What are the HIV postexposure prophylaxis (PEP) regimens?

Updated: Jul 08, 2021
  • Author: Derek T Larson, DO; Chief Editor: Michael Stuart Bronze, MD  more...
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Answer

Although the exact drug regimens for HIV PEP have changed in recent years, consensus remains that the preferred regimen is a 3-drug regimen given over a 28-day course. [1]  Anyone prescribed PEP should be given the full 28-day course. On occasion, a 30-day supply will be dispensed due to the cost of adjusting manufacterer-supplied bottles, but no added benefits have been shown for continuation of the treatment course beyond 28 days.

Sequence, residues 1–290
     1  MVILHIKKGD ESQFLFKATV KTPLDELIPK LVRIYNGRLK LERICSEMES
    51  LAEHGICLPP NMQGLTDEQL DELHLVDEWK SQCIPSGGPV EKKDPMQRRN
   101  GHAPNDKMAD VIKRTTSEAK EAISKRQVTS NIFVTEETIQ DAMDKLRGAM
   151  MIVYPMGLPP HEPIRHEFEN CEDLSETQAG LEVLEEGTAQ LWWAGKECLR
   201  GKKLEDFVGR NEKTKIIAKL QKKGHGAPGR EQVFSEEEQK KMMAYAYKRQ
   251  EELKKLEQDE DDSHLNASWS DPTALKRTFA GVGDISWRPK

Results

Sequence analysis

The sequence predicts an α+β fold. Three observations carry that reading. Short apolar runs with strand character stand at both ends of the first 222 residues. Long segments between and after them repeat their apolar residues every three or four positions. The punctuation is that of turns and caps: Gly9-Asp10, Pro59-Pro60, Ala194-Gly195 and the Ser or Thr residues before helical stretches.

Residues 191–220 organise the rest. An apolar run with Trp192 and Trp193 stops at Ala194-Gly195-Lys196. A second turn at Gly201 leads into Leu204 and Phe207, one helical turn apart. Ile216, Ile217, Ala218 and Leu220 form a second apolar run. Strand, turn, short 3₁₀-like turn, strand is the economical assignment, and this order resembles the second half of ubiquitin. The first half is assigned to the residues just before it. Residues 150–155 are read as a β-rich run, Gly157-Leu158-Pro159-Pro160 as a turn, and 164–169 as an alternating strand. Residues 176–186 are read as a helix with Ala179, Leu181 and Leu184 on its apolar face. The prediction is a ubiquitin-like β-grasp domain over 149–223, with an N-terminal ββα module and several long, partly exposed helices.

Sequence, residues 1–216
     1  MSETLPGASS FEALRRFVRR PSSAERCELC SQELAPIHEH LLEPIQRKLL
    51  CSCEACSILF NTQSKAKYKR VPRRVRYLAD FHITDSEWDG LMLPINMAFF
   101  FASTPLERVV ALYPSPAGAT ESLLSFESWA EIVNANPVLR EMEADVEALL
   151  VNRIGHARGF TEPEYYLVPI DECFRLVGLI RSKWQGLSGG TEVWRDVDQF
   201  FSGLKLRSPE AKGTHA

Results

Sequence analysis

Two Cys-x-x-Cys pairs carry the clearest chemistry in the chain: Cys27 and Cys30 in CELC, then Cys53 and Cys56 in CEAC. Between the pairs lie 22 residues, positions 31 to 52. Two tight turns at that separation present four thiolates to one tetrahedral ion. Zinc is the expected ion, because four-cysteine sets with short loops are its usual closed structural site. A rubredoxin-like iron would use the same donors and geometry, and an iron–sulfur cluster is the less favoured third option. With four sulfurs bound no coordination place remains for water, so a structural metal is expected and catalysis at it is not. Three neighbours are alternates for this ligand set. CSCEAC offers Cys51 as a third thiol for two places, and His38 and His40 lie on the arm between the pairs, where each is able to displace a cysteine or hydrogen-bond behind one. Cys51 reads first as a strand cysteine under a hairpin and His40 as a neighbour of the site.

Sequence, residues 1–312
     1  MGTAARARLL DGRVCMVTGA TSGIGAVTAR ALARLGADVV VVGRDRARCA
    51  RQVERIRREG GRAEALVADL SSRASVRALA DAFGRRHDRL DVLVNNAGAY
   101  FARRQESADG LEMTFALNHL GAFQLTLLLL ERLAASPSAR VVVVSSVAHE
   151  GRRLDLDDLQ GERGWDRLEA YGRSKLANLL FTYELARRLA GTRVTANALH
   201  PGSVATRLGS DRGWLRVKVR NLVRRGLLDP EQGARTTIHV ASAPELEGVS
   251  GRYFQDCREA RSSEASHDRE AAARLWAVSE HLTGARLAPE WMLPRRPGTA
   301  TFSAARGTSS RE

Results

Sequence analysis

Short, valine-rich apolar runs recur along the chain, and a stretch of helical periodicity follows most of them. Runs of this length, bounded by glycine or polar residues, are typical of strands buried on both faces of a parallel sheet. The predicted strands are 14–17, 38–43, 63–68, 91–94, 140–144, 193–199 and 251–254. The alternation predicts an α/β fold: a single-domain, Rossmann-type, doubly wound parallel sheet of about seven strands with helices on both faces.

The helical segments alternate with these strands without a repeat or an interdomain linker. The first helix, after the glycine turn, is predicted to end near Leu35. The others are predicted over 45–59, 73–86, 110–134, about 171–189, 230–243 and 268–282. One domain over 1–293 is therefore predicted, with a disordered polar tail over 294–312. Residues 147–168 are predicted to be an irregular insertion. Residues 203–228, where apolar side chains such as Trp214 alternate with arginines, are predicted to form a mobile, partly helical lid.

The FDA announced in May 2018 that it was investigating correlations between dolutegravir use in early pregnancy and neural tube defects. Although such a correlation had not been shown definitively, guidance was issued at that time that women who were pregnant or of childebearing potential avoid dolutegravir and bictegravir while further evaluation was performed. Studies indicated that the increased rate of neural tube deficits seen in a cohort of HIV-infected individuals in Botswana [34]  was not seen in the United States. [35]  Further, Raltegravir has a well-established safety profile for this use and remains a primary treatment option. [36]  In February of 2021, the Panel on Treatment of Pregnant Women with HIV Infection and Prevention of Perinatal Transmission recommended the use of dolutegravir as a prefered agent both for women who are pregnant, and those attempting to get pregnant. This was based on the lack of neural tube defect in later cohorts, as well as the known benefits of dolutegrvir which include therapeutic efficacy, tolerance, and ease of administration with once daily dosing. [37]


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